That day does sound wonderful. We've resigned ourselves to the fact that we can't ever leave town together anymore, at least not until we find a goat-sitter. And old-friend reunions are the sweetest.

August 19, 2009 at 8:31 AM  
Anonymous Anonymous said...

Jim Thorpe is the greatest place in America, you are right about that.



Also, I am jealous of your life!

August 19, 2009 at 9:14 AM  
Blogger Bad Hippie said...

"I just need to find a truck, a farm, some good sheep, great dogs, and hope willing: a very patient man who isn't scared of large animals with horns but is scared of missing an episode of the Colbert Report."

Isn't that what every girl wants, when you get down to it?

August 19, 2009 at 10:27 AM  
Anonymous Anonymous said...

Incredulous is what YOU were. Incredible is what IT was.

There is a difference.

August 19, 2009 at 11:38 AM  
Anonymous laluna said...

@anonymous - oh for eff's sake, let it go already!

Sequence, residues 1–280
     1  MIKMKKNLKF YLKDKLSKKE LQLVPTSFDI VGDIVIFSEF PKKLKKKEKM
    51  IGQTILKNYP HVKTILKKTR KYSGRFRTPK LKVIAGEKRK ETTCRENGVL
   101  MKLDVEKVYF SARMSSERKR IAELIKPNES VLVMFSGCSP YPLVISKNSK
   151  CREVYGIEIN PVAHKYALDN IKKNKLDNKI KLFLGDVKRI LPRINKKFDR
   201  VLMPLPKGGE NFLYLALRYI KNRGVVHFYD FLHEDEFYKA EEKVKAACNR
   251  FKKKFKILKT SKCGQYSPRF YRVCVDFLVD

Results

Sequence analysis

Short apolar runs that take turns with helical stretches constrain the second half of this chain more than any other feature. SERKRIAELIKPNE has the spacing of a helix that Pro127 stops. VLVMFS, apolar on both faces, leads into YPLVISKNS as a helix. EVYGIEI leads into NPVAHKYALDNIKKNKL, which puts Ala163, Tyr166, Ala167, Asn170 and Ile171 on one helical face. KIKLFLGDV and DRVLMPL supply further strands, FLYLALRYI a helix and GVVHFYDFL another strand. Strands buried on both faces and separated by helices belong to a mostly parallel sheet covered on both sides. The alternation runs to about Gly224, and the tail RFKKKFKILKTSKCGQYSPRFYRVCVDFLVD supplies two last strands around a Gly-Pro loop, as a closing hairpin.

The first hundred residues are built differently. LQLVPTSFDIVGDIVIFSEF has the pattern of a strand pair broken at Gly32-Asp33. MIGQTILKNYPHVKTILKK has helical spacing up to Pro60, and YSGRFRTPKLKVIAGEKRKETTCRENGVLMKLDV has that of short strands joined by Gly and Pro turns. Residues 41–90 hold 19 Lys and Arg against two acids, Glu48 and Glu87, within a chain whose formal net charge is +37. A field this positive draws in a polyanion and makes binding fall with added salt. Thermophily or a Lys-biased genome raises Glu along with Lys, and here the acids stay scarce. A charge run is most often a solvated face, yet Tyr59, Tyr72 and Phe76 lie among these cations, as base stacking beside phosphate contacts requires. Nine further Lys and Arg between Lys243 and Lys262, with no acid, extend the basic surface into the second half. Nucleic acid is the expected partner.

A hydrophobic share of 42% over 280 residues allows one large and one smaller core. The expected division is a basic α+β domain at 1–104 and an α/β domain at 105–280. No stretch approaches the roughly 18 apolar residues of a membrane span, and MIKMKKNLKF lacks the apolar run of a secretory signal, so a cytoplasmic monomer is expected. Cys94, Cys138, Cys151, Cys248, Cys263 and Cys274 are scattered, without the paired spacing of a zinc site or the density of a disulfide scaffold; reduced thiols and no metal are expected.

@jenna - you are an inspiration to many...your writing is a joy to read, and certainly for me, stuck at home recovering from an accident, reading your blog is a great way to pass the time! your "trip" sounds lovely, glad you had a good time. catching up with old friends is such a treat! :-)

August 19, 2009 at 12:03 PM  
Blogger Rachael said...

Hey, just wanted to let you know I do enjoy your blog. As someone from Asheville, who went to college in Northampton, and now lives in Colorado, I can relate and am missing wonderful autumns and smokey mountains.

August 19, 2009 at 9:26 PM  
Blogger Jenn said...

Yeah, I had to look the word "incredulous" up also. He he. Oh well....I learned a new word and how to use it today. Thanks Jenna.

The book store you described sounds just like one we visited in Keene NH a few weekends ago. Right along side a small river with little windows to sit by and read. It was run by the most adorable little old lady who ended up giving my 5 yr old free books and finding the coolest stack of farm mags from the 1940s and 50s for me. I really do love places like that!

August 19, 2009 at 11:19 PM  
Anonymous Anonymous said...

Jenna I am SO glad there are women like you in the younger generation!

And you have a way of writing about your life that reminds me of Gladys Taber, who actually was a generation before me, have you heard of her? She wrote about the small enchantments of country life so beautifully.

Find her books if you haven't read her!

Nancy

August 21, 2009 at 3:55 PM  
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January 27, 2010 at 9:23 PM